"Clearly, video will be a consideration, but we don't want to get distracted by that," as FairPoint takes over, Leach said. "We are going to increase high-speed data right out of the box."

Kurt Adams, chairman of the Public Utilities Commission in Maine, said he cannot comment on details, but that merger hearings would likely focus on broadband investment, service quality, and rates.

Something big is getting missed in the fight between carriers and local governments, and many side-takers on both the right and the left are equally blind to it. What's missed is serious and widespread market demand for high-speed data connections — specifically connections that are not subordinated to television. more>>

The mobile revolution gets personal

I'm writing this from CES 2007 — the latest and greatest Consumer Electronics Show, where 140,000 attendees crowd 2,700 exhibits packed into 1,660,000 square feet of space in more halls and hotels than I'll bother to count. There's a lot of noise here, and a certain amount of signal; though the ratio of the former to the latter is no less lopsided than it always is. Everybody's not only showing their good sides, but paying millions to crow about it through mass quantities of advertising and PR.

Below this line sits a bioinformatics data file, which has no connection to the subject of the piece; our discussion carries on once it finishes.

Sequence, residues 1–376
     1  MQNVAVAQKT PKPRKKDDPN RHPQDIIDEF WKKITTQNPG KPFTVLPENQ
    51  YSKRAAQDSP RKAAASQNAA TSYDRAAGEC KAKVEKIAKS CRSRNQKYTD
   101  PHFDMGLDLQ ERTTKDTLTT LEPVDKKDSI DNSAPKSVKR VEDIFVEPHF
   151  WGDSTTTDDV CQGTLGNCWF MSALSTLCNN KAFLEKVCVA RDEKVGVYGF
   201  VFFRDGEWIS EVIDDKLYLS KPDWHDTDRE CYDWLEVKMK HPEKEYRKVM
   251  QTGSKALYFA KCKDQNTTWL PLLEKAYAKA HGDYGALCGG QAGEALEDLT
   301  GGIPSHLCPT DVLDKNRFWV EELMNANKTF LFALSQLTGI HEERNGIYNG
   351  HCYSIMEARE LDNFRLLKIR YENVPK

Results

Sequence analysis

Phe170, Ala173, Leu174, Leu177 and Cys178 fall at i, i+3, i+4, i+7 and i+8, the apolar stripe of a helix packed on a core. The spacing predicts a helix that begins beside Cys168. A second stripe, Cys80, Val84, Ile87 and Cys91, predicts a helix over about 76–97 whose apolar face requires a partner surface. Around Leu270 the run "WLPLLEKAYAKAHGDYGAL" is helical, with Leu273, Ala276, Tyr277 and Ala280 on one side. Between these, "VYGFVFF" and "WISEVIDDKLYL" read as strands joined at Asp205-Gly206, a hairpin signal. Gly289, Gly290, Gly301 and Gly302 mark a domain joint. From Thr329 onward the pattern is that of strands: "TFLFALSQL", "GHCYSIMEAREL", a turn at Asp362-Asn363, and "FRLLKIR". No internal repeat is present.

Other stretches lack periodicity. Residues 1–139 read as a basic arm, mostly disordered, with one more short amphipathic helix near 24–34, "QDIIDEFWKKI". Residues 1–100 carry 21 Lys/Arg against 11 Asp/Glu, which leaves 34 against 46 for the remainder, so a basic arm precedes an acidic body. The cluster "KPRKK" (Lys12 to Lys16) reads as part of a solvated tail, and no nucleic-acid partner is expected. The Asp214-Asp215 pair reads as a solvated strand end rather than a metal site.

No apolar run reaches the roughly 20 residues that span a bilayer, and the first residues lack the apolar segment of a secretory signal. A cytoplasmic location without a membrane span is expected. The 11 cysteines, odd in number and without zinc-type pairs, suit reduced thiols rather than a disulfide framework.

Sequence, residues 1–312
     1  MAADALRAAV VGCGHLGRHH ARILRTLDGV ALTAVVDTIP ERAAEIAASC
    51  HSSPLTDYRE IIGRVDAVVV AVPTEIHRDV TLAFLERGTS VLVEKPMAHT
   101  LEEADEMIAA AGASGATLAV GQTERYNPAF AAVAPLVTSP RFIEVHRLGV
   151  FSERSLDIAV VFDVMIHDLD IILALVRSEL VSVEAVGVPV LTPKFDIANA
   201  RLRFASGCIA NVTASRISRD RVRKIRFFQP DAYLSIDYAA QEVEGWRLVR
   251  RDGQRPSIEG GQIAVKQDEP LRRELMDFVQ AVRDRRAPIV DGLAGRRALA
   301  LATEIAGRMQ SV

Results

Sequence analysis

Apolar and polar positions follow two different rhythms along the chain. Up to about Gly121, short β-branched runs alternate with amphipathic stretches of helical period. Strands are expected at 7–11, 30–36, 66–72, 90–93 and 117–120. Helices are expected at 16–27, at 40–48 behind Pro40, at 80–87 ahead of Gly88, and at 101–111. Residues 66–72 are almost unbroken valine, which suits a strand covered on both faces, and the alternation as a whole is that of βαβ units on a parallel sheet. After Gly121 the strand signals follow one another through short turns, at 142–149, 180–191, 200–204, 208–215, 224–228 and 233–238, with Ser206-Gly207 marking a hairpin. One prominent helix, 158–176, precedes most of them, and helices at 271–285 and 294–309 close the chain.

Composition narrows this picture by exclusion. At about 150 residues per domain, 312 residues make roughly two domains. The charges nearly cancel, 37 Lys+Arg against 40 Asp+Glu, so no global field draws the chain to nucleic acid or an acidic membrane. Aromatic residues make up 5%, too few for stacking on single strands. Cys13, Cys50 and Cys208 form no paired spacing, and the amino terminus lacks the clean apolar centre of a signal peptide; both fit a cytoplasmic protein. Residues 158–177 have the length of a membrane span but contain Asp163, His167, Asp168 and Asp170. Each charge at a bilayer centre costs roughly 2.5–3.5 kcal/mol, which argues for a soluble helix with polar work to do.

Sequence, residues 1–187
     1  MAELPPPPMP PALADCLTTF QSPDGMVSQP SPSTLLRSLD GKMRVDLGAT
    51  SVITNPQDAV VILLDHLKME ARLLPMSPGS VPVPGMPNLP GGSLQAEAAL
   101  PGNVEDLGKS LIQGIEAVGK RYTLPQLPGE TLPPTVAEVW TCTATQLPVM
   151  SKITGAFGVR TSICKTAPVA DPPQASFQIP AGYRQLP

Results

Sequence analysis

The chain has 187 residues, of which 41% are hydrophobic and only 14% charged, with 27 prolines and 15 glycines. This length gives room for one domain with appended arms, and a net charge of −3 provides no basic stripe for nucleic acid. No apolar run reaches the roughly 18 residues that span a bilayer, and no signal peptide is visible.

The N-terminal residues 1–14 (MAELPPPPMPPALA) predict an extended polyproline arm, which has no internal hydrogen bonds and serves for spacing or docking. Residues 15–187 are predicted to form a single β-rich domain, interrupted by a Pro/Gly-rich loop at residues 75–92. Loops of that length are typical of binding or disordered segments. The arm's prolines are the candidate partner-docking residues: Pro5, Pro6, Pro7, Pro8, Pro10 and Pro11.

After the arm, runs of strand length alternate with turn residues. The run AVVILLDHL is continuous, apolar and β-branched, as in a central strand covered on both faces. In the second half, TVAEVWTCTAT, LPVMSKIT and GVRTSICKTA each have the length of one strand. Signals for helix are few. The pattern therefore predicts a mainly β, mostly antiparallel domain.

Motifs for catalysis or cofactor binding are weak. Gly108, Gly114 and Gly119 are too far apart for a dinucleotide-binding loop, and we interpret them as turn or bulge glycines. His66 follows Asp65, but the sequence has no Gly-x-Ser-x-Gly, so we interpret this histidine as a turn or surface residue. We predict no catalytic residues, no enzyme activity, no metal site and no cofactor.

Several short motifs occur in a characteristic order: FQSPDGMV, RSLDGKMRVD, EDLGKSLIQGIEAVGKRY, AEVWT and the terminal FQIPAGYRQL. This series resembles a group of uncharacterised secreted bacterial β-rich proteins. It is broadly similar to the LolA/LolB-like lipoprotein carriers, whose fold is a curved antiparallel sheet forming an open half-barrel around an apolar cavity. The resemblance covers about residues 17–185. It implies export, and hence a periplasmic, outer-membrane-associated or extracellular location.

Yet the whole damn thing got upstaged Tuesday by Steve Jobs and his on-stage announcement of the long-awaited iPhone.

Normally CES and Macworld overlap barely or not at all. But this year the two shows are spread across the same week, forcing many (including yours truly) to choose one or the other — though I know a number of folks who flew to San Francisco for Jobs' speech and then back again. Of course, I chose to spend as much time as possible here at CES, because it's a show packed with Linux stories. (My first report on the show is here. This is second. A third will follow.) Yet, like every reporter here, it was clear to me that the biggest news of the week — or perhaps of the year — was delivered by Apple in San Francisco. more>>